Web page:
"Rumors of boxed software leaving Apple Stores and Apple's push of the Mac App Store shows the company doesn't think we need to install software via optical media anymore. There's even a rumor that Apple may be ditching optical drives in the next MacBook Pro refresh and moving to a disc-less model that allows for thinner casings and larger batteries."

Interesting article, but it makes it sound like (US) Americans are the biggest technophobes (or Luddites) on the planet. According to US FCC information, 31 percent of all users have no interest in broadband or technology (lack of need), or are scared of technology. But, conversely, of the current US population of 310 million, this means that roughly 214 million people -do- care about, and use, technology. Quite a bit of "doom and gloom," if you ask me. Apple is noted as leading the rush to leave the technically challenged behind, but many manufacturers are leaving old technology behind, and jettisoning optical drives, large numbers of ports, modems, and even wired ethernet. But, what are we getting in return? Arguably more reliable computers, that cost a fraction of what they did way back when. I'll take the extra battery life over a DVD drive, thank you! When I can get a 16GB or 32GB flash drive for a couple bucks, why would I want to go back to the stone age days of CDs and DVDs? Can we stay competitive in today's world staying with old technology? In my opinion, no, but definitely a topic for further discussion.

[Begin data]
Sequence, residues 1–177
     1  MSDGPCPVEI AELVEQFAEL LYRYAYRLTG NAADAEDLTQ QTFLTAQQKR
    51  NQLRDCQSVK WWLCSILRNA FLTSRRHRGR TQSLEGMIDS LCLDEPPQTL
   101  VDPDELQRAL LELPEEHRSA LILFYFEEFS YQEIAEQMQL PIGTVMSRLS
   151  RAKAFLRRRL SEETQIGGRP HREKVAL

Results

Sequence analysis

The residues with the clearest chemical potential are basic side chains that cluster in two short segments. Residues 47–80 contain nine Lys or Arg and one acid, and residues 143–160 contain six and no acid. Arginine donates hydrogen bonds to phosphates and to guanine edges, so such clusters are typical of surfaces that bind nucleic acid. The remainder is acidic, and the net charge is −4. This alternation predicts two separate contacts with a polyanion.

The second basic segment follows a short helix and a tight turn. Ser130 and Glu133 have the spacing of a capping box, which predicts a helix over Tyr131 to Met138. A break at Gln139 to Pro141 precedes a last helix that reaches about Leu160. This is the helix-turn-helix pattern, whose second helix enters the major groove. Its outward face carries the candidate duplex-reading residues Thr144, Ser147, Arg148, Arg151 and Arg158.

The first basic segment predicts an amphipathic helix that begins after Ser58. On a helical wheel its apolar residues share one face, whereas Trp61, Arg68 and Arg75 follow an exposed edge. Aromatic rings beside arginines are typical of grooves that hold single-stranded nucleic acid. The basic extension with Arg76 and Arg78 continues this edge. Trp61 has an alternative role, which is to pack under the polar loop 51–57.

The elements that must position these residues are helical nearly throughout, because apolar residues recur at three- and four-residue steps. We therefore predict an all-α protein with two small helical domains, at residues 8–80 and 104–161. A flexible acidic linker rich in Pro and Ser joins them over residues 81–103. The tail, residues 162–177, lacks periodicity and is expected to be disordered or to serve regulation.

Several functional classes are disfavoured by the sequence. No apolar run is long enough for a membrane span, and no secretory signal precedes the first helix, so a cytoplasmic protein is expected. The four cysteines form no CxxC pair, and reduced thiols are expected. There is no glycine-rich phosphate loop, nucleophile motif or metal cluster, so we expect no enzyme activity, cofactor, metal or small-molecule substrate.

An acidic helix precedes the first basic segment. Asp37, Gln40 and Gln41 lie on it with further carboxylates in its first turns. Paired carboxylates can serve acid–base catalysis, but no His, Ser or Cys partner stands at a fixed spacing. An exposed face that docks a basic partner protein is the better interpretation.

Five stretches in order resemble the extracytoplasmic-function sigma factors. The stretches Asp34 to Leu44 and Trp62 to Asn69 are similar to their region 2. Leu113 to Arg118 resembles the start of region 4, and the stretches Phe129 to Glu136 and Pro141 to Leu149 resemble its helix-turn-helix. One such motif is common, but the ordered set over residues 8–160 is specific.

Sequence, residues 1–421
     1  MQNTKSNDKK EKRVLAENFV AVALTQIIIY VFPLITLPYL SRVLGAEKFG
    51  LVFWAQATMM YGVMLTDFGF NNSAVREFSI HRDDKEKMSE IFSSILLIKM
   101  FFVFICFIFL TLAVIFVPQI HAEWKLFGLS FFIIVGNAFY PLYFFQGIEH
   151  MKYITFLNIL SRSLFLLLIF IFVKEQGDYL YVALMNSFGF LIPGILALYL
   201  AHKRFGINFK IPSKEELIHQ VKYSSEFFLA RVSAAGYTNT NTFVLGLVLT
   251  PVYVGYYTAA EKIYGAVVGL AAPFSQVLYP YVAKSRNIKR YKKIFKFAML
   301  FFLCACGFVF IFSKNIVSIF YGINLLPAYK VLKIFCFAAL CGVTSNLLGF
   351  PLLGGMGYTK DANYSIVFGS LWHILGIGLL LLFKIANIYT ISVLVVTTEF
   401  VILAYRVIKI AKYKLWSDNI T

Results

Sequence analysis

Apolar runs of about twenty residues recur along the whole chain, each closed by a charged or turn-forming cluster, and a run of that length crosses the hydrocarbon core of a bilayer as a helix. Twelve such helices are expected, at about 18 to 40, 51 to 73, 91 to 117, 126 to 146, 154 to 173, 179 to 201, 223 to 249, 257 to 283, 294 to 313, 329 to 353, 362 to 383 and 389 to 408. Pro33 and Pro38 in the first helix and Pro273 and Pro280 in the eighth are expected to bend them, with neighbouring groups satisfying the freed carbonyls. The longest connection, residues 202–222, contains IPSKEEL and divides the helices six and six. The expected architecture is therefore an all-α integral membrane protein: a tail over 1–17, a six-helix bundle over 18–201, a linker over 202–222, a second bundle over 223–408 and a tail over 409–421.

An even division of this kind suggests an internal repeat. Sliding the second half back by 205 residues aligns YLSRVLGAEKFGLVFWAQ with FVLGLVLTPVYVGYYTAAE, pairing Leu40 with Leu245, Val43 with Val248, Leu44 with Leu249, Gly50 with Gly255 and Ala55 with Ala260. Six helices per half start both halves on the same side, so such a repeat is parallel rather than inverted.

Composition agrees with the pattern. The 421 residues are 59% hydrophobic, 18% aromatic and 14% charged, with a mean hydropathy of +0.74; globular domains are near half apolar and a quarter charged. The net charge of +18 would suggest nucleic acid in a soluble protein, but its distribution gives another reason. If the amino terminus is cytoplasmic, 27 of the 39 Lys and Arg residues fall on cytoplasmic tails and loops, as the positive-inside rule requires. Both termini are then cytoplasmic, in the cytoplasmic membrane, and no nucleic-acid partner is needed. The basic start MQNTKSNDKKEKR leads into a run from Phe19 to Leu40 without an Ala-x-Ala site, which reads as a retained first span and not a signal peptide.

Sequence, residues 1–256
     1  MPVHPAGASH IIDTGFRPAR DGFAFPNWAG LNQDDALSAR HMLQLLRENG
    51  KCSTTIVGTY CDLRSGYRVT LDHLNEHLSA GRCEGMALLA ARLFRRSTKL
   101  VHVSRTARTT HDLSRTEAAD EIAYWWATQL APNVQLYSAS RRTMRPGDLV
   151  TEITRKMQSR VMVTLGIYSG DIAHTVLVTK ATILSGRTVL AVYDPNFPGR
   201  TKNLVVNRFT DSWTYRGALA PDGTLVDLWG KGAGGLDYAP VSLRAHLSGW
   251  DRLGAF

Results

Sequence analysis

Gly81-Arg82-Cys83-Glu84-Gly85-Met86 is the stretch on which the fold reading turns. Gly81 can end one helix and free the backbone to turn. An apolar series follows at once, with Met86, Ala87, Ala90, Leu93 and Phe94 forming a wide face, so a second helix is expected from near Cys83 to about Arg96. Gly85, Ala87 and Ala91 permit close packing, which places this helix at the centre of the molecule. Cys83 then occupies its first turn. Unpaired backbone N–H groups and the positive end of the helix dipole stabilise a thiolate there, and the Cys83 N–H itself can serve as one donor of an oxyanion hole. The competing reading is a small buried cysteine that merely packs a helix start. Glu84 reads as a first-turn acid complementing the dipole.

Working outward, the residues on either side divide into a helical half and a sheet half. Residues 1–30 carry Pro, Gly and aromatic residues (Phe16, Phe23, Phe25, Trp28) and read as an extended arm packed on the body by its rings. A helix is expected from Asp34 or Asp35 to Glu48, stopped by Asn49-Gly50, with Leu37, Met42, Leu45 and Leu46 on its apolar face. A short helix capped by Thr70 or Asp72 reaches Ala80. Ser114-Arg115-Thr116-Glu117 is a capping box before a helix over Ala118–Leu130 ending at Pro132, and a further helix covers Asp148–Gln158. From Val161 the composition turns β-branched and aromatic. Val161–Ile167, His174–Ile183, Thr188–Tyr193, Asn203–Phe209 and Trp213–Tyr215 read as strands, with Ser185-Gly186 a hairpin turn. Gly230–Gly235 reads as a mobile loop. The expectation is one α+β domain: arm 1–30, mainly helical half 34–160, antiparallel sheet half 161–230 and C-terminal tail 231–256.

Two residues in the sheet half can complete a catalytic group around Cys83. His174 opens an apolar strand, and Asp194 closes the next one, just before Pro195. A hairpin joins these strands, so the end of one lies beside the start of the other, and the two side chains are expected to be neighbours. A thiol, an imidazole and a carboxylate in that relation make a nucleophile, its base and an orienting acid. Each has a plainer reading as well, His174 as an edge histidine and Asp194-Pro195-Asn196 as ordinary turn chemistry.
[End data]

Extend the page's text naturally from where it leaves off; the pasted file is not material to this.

Tuesday, January 25, 2011

Apple Ranking in Chinese Labor and Environmental Issues: Last

Posted by Michael Knutson in "Apple Talk" @ 06:00 PM